From a recruitment standpoint, many studies indicate that newer college graduates prefer urban environments. The large size of the millennial generation, and its preference for urban living, has been a driver for population growth in cities in recent years. NGA conducted its own survey of 152 students who are currently in the hiring pipeline regarding their employment preferences. Sixty-seven responded to the survey. Only those who were familiar with the Next NGA West Campus project (48 respondents) were asked to respond to questions specifically regarding the four sites. When asked about the specific sites and ranking them 1 through 4, 42 percent ranked the St. Louis City Site as their top choice, while 25 percent ranked St. Clair County Site as their top choice. Conversely, 25 percent of the respondents ranked St. Louis City Site as their least desirable site, and 50 percent ranked St. Clair County Site as their least desirable site.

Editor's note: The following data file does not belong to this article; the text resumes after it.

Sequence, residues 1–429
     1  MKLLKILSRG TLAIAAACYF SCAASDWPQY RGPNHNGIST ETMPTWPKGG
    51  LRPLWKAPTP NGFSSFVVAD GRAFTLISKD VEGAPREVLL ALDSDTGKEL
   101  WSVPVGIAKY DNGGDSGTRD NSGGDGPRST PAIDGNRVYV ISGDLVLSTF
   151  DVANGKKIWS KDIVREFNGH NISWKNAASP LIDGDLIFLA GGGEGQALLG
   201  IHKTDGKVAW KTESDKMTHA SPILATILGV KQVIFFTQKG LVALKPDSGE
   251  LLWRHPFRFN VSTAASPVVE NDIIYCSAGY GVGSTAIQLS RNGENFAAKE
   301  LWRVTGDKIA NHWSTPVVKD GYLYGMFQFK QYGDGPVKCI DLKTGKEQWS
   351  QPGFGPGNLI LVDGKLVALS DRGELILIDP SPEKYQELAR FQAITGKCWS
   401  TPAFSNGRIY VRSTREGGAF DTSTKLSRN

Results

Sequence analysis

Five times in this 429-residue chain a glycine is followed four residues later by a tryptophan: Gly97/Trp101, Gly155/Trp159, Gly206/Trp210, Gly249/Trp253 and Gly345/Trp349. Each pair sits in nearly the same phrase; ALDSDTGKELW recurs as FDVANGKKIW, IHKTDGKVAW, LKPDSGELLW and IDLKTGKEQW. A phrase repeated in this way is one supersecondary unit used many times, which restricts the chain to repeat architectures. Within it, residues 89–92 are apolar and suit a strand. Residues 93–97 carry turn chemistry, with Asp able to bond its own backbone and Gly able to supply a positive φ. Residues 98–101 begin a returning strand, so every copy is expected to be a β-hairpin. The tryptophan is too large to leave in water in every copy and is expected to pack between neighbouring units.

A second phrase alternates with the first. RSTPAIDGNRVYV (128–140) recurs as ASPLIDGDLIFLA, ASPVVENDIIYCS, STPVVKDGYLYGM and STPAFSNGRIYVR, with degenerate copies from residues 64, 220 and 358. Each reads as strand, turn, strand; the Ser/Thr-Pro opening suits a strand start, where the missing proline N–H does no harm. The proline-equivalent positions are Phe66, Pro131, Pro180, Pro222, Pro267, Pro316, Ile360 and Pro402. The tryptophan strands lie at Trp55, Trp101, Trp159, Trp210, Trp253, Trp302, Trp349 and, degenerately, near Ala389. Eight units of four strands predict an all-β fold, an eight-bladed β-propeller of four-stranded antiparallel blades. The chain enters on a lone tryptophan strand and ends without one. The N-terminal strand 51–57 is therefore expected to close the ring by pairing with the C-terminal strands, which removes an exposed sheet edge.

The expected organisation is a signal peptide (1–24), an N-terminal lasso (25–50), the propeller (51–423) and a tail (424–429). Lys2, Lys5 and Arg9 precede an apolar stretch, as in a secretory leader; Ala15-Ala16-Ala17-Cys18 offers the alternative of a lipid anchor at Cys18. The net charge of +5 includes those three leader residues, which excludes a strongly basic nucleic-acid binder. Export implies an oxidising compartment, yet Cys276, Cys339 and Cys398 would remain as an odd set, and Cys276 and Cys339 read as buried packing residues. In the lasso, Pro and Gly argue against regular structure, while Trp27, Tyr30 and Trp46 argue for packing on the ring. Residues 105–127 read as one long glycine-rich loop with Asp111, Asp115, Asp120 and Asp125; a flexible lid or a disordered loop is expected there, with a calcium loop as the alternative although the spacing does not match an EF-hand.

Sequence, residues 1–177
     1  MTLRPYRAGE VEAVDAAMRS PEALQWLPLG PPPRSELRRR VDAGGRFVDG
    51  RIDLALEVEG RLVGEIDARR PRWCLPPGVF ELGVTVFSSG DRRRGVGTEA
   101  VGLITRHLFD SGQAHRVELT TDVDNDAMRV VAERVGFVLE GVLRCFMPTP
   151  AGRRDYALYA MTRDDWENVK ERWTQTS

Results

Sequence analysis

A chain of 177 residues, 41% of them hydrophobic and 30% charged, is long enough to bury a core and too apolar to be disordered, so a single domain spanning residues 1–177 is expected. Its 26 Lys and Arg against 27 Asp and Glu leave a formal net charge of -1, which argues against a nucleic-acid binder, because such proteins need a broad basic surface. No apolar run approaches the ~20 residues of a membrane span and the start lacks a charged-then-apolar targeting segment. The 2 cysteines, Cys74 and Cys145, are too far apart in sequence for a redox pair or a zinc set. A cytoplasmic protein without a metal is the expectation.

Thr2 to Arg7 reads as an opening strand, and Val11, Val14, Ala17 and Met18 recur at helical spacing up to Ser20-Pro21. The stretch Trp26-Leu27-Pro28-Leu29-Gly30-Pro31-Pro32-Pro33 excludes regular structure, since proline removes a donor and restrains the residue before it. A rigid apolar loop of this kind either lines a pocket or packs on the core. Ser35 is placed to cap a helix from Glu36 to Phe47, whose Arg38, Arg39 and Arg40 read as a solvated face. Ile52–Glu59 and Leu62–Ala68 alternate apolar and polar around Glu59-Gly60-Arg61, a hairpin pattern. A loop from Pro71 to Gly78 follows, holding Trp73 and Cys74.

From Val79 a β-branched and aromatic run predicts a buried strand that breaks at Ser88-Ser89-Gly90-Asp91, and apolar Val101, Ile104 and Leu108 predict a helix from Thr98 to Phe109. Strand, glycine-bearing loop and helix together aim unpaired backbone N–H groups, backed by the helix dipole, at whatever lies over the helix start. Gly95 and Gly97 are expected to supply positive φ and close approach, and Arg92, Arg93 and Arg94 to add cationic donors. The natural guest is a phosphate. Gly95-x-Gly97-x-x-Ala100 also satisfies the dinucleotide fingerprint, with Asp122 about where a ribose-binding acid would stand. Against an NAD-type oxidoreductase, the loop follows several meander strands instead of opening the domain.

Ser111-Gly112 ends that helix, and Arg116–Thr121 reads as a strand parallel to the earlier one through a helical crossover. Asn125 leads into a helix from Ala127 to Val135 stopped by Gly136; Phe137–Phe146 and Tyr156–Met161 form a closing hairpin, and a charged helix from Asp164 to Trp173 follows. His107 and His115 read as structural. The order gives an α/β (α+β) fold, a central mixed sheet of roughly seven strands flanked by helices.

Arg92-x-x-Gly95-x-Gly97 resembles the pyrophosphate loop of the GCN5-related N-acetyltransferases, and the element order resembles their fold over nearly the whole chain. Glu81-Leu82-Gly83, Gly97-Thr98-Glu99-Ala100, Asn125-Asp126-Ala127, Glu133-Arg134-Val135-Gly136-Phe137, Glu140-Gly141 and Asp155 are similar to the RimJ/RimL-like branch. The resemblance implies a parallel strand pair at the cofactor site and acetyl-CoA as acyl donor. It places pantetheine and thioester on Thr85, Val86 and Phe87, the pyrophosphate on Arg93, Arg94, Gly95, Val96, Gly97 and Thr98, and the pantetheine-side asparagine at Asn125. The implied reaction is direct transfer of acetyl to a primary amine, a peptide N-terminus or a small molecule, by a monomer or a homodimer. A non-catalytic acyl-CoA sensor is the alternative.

Overall, the St. Louis City Site offers an advantage to meet the intent of many federal priorities. As an example, E.O. 13693, Planning for Federal Sustainability, expresses that consideration be given to brownfield and infill development and calls for a reduction of greenhouse gas emissions. While carbon dioxide emissions were found to be within the reporting thresholds for both the St. Clair County Site and the St. Louis City Site, the EIS does identify a contrast between the emissions generated from the 31.8 mile average commute increase to the St. Clair County Site versus a 0.2 mile increase to the St. Louis City Site in Section 4.13. The St. Louis City Site demonstrates greater compatibility with the E.O. 13693 signed in March of 2015.
E.O. 12072, Federal Space Management, requires that first consideration be made for federal agencies to locate in urban areas/central business districts. The DoDI 4165.71 for Real Property Acquisition further supports E.O. 12072 by instructing DoD agencies to conserve existing urban resources and encourage the development and redevelopment of cities. The St. Louis City Site is best suited to fulfill both E.O. 12072 and the DoDI as it relates to redevelopment of urban/central business district criteria. The St. Clair County Site would spur future development for St. Clair County much in line with the development plans for the area. However, new development along metropolitan edges meets neither brownfields nor urban/central business district criteria, reduce greenhouse gas emissions, nor does it support other initiatives such as Promise Zones or the E.O. 13062 for SC2.